Joe Cannon: A world in upheaval: Sources of the Enlightenment

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  • RE: Ordinary people
    May 18, 2009 5:44 p.m.

    It comes to who you agree with or disagree with,

    those you agree with become one's who right and most enlighted and the greatest thinkers, you uplift, and will want to them quote often,

    while those you disagree with you despise, look down upon, castigate, marginalize,

    the worst thing thought is people on both sides will end up quoting and getting quoted OUT OF CONTEXT,

    so you can see how subjective damaging, misleading, and outright deceptive philosophies man can be.

    and we give them too much credit, attribute to them way too much for knowledge and understanding, even more wisdom, that even they, in an honest moment would probably abmit they ever had.

    Many may even admit they were just vomiting thoughts onto piece of paper, and didn't really know what to think.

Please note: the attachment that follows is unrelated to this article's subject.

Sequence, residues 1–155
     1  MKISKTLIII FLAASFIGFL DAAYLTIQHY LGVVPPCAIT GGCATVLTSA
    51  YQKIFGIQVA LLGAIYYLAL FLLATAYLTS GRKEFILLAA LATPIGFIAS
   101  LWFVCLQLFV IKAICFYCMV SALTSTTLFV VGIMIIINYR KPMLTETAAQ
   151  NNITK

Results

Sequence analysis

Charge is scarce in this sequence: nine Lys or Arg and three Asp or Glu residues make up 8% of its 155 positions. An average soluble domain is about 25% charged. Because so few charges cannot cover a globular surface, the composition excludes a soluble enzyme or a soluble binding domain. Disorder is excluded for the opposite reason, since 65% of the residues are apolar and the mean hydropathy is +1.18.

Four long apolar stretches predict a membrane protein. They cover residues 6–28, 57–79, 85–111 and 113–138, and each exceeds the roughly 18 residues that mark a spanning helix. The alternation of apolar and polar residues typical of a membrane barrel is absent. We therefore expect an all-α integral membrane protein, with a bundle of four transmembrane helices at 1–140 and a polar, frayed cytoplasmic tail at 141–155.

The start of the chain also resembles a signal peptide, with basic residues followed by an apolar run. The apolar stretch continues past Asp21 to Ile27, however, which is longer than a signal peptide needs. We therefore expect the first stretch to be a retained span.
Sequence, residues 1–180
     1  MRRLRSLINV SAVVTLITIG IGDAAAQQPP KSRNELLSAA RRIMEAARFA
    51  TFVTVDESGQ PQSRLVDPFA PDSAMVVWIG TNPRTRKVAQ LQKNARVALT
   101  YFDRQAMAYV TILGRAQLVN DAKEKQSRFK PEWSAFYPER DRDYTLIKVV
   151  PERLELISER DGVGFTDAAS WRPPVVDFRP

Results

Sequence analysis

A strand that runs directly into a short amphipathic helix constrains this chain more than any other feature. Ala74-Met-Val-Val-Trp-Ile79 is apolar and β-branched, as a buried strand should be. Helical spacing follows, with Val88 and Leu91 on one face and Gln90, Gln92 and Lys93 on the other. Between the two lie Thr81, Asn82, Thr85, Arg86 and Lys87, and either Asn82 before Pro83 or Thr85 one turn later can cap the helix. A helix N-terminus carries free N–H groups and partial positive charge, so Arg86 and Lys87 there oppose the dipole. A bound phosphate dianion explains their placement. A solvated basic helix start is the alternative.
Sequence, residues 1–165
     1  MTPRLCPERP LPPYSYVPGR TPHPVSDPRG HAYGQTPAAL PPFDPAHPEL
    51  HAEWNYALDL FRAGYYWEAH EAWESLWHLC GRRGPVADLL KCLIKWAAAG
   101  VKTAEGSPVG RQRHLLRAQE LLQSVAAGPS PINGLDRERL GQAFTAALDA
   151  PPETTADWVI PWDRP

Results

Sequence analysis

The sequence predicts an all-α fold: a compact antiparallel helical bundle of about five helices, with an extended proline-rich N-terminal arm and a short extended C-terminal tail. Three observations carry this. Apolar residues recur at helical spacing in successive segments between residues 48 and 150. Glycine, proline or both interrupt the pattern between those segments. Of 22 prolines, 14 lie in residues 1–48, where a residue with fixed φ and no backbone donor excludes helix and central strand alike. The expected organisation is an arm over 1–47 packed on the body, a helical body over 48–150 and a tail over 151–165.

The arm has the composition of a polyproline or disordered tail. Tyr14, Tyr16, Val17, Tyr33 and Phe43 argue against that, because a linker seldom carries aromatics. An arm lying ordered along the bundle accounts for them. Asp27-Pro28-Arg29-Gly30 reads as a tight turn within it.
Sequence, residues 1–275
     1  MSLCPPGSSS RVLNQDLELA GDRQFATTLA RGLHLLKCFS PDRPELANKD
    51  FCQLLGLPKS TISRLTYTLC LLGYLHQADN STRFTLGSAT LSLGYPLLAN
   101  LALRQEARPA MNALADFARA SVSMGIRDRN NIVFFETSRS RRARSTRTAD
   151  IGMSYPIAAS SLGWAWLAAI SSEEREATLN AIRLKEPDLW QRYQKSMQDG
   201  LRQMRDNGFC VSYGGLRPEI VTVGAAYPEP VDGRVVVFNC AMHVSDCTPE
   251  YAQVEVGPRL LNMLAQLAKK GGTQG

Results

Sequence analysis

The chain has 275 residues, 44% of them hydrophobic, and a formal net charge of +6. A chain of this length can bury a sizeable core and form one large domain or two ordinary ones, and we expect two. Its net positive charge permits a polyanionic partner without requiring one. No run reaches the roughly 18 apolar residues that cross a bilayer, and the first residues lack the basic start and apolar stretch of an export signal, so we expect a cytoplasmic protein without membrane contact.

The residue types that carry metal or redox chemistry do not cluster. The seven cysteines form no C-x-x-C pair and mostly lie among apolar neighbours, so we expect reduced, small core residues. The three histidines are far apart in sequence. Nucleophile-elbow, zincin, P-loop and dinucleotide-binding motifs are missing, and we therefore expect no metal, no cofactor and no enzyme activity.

• Roland Kayser
    May 17, 2009 9:32 p.m.

    Is this a single part of a multi-part article? It seems to end in mid-thought.

  • Ordinary people
    May 17, 2009 6:48 p.m.

    I'm not at all sure that ordinary people were influenced to a great extent by these philosophers (Descartes and Spinoza). Most people don't think like that usually, neither then or now.

    I also think that, as was shown in the Renaissance and the Reformation, Northern Europe, much more influential in the culture of the United States, was not at all like the Latin part of Europe, the nations of France or the Italian states for example.

    Mr Cannon does refer to events in England, and the questioning of, and opposition to, the idea of Divine Right kingship there, but I am surprised more emphasis has not been given so far in this series of short articles, to John Wycliff, Erasmus and so on, who I think were far more important and representative of the best of the thought of North-Western Europe, and of more interest and import to we of the United States of America or of its founding spirits.

  • loganite
    May 17, 2009 12:29 p.m.

    It would be nice if all of the previous columns on these topics could all be found in one spot. That way they could all be read like a book. I think they are interesting, but just as I really get into it, the column ends.